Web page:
Looking at performance of the stock market over the last 12 months, one might assume that the economy is exploding upward. The rise has been driven mostly by a boost in consumer sentiment, which has taken off since the U.S. elections in November.
In 2017, consumer sentiment hit its highest level in more than 10 years!
Consumers represent 70 percent of the U.S. economy. Their confidence is crucial to future growth. Business spending is much smaller, but it is also much more volatile. So, when businesses are increasing their spending, the economy really has potential to move up. The good news is that optimism is also up for business executives.
Confidence data is nothing more than opinion polls. This is why they are referred to as soft data. Hard data represents real action. Typically, these go hand-in-hand: A change in one leads to a corresponding change in the other.
After inflation, consumer spending is up, but just by 2.8 percent.
The trend in the hard data does not match that of the soft data. The Federal Reserve does not seem concerned.
The Fed raised rates last December and March. Expectations are nearly 100 percent that it will raise them again in June–despite first quarter economic growth of 0.7 percent.
How does one reconcile the gap between opinion polls and actual improvement? What is likely to happen?
The U.S. economy is still improving. Unemployment is down to 4.4 percent. Corporate profits are up. Energy prices are down. Finally, global growth appears to be entering its first synchronized period of growth in two decades. According to BlackRock, European earnings are up nearly 20 percent in the last year.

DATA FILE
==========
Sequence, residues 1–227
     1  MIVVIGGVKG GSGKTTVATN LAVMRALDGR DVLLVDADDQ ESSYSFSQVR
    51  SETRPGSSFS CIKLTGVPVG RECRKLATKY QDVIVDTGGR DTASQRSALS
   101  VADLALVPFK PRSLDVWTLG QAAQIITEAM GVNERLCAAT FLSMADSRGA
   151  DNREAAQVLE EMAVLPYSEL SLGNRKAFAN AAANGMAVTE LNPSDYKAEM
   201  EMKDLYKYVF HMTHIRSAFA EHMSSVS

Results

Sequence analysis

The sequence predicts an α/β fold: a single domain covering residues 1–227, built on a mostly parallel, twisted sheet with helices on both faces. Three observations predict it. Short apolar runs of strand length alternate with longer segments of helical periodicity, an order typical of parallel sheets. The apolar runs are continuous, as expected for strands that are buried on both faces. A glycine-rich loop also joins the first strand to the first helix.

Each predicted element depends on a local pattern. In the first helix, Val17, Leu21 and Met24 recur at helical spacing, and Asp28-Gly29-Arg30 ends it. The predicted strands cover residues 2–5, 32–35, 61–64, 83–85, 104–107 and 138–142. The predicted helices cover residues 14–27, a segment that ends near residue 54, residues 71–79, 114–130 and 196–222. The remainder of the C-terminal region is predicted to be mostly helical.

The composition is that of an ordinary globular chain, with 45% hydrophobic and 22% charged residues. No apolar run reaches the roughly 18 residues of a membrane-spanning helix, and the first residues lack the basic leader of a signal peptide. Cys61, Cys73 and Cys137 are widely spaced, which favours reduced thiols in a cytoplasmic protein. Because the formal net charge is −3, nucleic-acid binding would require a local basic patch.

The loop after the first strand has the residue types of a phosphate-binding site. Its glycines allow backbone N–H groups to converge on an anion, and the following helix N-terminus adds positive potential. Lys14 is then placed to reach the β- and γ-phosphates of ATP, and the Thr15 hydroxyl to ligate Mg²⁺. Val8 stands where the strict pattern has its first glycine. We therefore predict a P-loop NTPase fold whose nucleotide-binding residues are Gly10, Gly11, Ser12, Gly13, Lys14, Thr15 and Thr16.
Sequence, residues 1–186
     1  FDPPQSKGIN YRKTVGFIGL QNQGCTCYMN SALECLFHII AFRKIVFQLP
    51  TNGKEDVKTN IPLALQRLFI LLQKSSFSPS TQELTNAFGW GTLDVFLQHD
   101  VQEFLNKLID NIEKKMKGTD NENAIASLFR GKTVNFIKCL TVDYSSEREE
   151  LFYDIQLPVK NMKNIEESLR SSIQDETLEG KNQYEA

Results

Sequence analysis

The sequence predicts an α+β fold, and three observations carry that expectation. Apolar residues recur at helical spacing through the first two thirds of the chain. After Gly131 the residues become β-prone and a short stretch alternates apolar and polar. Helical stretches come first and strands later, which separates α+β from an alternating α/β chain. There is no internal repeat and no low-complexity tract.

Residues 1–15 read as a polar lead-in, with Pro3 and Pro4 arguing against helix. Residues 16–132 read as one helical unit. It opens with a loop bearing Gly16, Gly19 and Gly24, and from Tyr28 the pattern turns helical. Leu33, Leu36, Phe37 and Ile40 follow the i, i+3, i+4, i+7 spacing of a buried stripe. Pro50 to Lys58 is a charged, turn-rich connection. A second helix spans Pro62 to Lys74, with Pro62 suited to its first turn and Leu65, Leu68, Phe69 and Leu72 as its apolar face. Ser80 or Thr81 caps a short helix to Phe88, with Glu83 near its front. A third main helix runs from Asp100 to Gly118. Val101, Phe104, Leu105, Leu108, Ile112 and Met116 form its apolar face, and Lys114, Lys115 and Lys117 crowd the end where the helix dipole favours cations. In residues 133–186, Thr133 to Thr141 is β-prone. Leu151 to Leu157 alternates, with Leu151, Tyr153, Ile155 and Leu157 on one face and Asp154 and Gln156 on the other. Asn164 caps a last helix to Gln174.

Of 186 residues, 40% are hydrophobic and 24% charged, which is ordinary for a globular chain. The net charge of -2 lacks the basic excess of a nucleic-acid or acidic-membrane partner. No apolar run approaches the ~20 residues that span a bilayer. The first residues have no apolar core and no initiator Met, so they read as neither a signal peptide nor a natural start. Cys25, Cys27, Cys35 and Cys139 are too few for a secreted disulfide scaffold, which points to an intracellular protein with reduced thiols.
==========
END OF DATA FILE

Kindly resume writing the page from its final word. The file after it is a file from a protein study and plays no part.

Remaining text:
Add to this good news the potential for positive surprises and it becomes more clear why a glass-is-half-full perspective is better.
- Soft data could finally lift hard data
- Increased global trade will help U.S. companies
- Wages should rise with tight labor market
- Deregulation could create more opportunities
- Corporate tax reform may boost profits
- Infrastructure spending could boost productivity
Any one of these surprises could help convert optimism into action. The timing is the greatest uncertainty, but that is no reason to be overly concerned. With so many positive economic changes occurring in the world right now, we believe there are plenty of opportunities
*Data from the Federal Reserve Bank of St. Louis. The S&P 500 index often represents the U.S. stock market. One cannot invest directly in an index. Investing involves risk, including potential loss of principal. The opinions and forecasts expressed are those of the author and may not actually come to pass. This information is subject to change at any time, based on market and other conditions, and should not be construed as a recommendation of any specific security or investment plan. SFS is not affiliated with any companies mentioned in this commentary.